There have been a number of highly voted discussions regarding incorrect suggested edits approved: first, second, third, fourth.

I think that often when bad suggested edit is approved, it actually gets 1 or 2 rejection reviews. And I think it's incorrect to mark edit as approved if it has 3 approval and 2 rejection reviews as it shows that actually there is no agreement between reviewers.

Proposal: If less than e.g. 80% of reviewers agree on approval/rejection, new reviewers should be appointed.

If an edit gets 3 approval and 2 rejection reviews, it means only 60% of reviewers agree so additional reviewer(s) should be chosen. And so on until number of reviews with the same decision is 80% of the whole number of reviews.

If e.g. 20 people reviewed the edit and there is no consensus between them (i.e. less than 80% people agree on it), it should be flagged for moderator attention as it means that ordinary SO users can't agree on it.

2 Answers 2


I agree with the general idea here, but I don't think it should be as high as 80%. 75% seems sufficient, and it could probably be a little bit lower. It should simply be strictly higher than two thirds (66.6...%). Then we avoid the current situation where a two-to-one disagreement is considered resolved.

That seems similar--after all, only a 5% difference. But it really is very different, because it means that if one reviewer wants one outcome, and three other reviewers want another outcome, the three other reviewers win.

This is important for two reasons:

  • It's bad for posts to stay in the review queue for many hours. What you've proposed would likely keep them there for days.
  • Editing a post takes it out of the queue, so there's not much point in requiring a large number of people to review a post.

Furthermore, I'm not sure it's even necessary to have a large majority. 51% percent might be sufficient, once several reviewers have weighed in. What I see as a problem with the current system is that random fluctations have too much bearing on whether or not an item is accepted.

I think if there are only 2 reviewers, and both have accepted or both have rejected, that is sufficient. I think that any situation that approximates that level of certainty is sufficient. 3 vs. 1 is definitely a sufficient majority.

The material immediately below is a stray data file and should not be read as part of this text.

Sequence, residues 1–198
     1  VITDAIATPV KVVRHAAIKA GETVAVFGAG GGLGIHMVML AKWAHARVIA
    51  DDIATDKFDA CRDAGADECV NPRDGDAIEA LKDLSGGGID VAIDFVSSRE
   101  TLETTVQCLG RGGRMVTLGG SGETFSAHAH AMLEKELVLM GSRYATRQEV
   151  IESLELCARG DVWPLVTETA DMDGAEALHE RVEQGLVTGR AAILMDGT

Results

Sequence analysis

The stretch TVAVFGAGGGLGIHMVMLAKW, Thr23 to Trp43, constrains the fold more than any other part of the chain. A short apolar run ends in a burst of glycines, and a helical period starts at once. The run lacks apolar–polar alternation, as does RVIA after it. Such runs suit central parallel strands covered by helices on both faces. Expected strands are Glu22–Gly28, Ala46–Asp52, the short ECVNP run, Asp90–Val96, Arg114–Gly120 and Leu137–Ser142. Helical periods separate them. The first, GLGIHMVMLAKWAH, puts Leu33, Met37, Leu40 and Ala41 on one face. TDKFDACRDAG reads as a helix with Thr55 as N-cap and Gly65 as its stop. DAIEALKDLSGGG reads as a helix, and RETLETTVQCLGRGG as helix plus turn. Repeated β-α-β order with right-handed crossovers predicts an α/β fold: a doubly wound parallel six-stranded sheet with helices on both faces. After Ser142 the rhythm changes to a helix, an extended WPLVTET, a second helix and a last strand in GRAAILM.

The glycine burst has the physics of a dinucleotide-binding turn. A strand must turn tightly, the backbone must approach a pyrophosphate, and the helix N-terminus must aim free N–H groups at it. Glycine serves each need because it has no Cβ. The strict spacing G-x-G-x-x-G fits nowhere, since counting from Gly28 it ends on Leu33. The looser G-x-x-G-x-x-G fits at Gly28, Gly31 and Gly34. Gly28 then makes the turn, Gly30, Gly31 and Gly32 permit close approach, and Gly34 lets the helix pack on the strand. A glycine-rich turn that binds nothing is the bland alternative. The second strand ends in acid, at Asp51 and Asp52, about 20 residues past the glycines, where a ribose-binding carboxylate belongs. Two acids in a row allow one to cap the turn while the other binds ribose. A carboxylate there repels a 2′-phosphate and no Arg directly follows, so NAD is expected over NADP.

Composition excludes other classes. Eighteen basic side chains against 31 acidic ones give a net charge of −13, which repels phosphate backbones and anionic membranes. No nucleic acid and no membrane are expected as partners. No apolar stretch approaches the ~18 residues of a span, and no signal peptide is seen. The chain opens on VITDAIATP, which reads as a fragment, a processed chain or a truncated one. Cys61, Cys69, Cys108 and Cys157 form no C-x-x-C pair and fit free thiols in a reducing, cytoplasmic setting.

• Agree. The problem is with the 3-2 approvals, as it only takes one click to approve but 3 to reject. In a photo-finish that's a real disadvantage!
    – Bo Persson
    Mar 23, 2013 at 16:08
  • 1
    @BoPersson I see 4-2 as better than 2-1, and I think 4-2 approvals/rejections are probably fine. In a 4-2 approval/rejection, six people have expressed their views and the decision has been made by a significant margin. Mar 23, 2013 at 16:11

The most frequent case where I observed lack of consensus was on minor edits (e.g. an edit that only fixes a grammatical error, or add a source block, etc.). Other causes (e.g. invalid edits) do not frequently lead to conflicting reviews and are often voted unanimously.

From my experience both as an peer-reviews editor (when <2k) and later by comparing my revision votes with the final outcome, I found that some people would reject edits as too minor, while others would accept them (because they improve the quality of the site, even if minor). The line between each interpretation is subjective, and has been subject of an extended discussion:

My conclusion is that no change in the number of reviewers is required.

  • 2
    You're right that for many disagreements over borderline too minor edits, the current system isn't really broken. Or, I should say, when it comes to those questions, the Stack Exchange design is not really broken. Usually, when an edit fixes just a couple small problems with a post but leaves others, the best course for a reviewer is to improve on the edit. (This is especially advisable for a reviewer who considers the post helpful and would otherwise accept it.) Mar 23, 2013 at 16:13

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